Joey Z: Definitely. I'm very comfortable with my silver-burst, and I have a tobacco sun-burst that I really love too- those are the guitars that shine through in the studio because you're so comfortable playing them. Naturally, it's gonna sound great. At the same time, I can't say that I didn't play fifteen other guitars on this record (laughs).

[ed note. At this point, Joey Z. calls out to fellow guitarist John Fattoruso, with whom will chat shortly] John, what was that other guitar from the studio? GMP, I think it was called. A bad-ass, sick, custom guitar that was made for our producer John Travis. It was sparkle blue, and it just sounded like a fucking monster, dude. I swear to God, you plugged into any amp, and it just fucking growled. The guitar was bad-ass. Whoever works with John Travis is lucky because he's a guitar player and because you get to play that guitar. It is fucking bad-ass. [ed. note. Calls out to Fattoruso again] GMP, I'm positive of it. It's like that Les Paul one you got, but it's really big and fat- it would look retarded if you played it live. It would be so fucking silly to play that thing live, but in the studio it [growls]. It just yells at you. What does your effects rig look like?

Joey Z: I gotta give it up to DigiTech. I'm using their 2112 piece, and all of my sounds and effects that I did in the studio like some of the vintage effects with pedals and stuff. I'm able to create with my Digitech 2112. It's discontinued now, they don't make em anymore. It was a great piece. I have one, and it works really well. You're able to mimic anything you do in the studio, no matter what you use. Everything in the world is in that fucking 2112. It's very versatile. So that's what I'm using effects-wise.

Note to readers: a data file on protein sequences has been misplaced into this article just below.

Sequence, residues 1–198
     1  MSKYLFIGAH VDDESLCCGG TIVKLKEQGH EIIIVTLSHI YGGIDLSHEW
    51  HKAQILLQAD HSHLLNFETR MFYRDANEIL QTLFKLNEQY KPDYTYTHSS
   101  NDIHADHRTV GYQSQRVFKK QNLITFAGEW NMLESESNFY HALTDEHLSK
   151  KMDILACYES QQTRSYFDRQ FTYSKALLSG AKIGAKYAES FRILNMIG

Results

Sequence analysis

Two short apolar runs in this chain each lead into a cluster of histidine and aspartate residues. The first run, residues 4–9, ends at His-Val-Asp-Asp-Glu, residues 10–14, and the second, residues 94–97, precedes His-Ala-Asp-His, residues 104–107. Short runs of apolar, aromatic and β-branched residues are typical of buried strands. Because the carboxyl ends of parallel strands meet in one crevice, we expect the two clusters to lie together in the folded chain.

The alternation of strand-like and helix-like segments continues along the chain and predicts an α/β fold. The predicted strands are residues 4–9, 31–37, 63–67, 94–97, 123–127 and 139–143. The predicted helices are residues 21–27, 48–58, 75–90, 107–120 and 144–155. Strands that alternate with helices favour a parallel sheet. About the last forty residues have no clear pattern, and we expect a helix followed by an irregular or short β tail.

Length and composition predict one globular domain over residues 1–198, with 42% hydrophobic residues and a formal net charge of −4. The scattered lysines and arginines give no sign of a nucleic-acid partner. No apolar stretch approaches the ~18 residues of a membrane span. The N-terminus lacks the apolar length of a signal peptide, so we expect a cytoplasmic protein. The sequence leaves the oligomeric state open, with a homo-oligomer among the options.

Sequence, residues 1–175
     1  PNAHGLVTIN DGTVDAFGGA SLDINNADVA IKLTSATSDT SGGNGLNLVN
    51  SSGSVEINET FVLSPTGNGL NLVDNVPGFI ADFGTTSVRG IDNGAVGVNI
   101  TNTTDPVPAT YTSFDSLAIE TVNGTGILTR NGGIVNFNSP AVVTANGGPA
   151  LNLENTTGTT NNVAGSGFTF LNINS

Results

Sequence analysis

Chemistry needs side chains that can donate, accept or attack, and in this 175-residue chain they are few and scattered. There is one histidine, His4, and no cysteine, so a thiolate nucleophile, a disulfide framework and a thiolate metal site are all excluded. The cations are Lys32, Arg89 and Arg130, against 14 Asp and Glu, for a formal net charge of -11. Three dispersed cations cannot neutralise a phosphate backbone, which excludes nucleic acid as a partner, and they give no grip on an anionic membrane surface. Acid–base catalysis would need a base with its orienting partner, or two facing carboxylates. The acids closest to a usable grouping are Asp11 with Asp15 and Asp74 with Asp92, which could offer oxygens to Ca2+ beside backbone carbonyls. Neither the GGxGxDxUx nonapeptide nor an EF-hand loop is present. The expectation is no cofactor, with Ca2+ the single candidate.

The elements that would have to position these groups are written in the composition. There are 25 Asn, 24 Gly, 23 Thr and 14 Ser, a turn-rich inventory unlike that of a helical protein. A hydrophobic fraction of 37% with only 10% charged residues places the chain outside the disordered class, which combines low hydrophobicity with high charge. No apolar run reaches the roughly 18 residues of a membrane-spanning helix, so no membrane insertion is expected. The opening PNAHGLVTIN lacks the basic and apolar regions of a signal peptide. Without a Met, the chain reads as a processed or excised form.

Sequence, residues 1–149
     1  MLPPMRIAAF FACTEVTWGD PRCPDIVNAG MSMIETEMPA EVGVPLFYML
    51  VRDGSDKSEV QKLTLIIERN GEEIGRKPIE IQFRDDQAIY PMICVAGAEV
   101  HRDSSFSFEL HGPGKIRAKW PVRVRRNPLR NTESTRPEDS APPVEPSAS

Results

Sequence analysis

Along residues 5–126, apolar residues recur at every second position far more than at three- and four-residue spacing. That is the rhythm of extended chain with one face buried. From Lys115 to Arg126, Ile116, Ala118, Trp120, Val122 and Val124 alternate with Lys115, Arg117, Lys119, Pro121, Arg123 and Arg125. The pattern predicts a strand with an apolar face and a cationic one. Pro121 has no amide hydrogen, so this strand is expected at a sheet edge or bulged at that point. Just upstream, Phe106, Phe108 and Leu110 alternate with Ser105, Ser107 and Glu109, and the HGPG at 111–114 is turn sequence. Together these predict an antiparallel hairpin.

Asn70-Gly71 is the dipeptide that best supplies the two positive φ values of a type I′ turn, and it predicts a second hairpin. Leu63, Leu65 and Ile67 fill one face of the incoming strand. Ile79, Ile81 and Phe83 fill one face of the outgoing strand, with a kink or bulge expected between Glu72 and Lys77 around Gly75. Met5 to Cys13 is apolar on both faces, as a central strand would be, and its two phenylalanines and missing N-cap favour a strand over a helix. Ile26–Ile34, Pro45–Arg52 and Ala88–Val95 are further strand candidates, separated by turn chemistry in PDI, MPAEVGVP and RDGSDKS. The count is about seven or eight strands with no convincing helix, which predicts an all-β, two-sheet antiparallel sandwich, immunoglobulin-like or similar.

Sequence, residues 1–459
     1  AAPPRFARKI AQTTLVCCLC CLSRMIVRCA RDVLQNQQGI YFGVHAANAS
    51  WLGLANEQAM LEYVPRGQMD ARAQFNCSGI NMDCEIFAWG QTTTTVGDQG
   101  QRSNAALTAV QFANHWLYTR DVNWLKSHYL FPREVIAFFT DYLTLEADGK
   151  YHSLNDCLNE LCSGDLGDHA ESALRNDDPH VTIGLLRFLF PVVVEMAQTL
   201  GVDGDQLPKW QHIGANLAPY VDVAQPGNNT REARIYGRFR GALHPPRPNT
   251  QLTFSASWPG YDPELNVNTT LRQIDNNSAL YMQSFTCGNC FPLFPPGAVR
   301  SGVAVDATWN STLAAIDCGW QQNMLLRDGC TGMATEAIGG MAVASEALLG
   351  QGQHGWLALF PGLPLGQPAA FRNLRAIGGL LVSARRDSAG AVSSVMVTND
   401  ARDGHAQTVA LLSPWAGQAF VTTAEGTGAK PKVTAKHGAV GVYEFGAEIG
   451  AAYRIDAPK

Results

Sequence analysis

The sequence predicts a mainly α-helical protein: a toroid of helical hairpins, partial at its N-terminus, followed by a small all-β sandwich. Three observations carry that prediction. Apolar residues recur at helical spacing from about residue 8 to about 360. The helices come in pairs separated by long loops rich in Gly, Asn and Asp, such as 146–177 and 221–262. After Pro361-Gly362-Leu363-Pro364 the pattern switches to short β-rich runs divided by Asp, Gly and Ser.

I use two dual rectifiers- two Mesa Boogie dual rectifiers, one per cabinet. I got a great Behringer noise gate on there, like a noise compressor. It's a great piece, the Behringer, along with those dual racks. The shit sounds great. I've got a rack-mounted Crybaby Wah, which is great, you can use up to four foot controllers. It's a good setup. It works for me. What effects do you find yourself using most often on the 2112?

Joey Z: It's almost a head-to-head match between a phaser, I use a lot of phaser in my stuff, and delay cause I love delay and the way it sounds live .. Dan [Richardson, Stereomud's drummer] plays to a click on stage. He's really good with a click, so you can dial in those delays, and your delays are right there, man, right there with the beat. So delays and phasers, I use those a lot. Have you added any cool toys to your setup lately?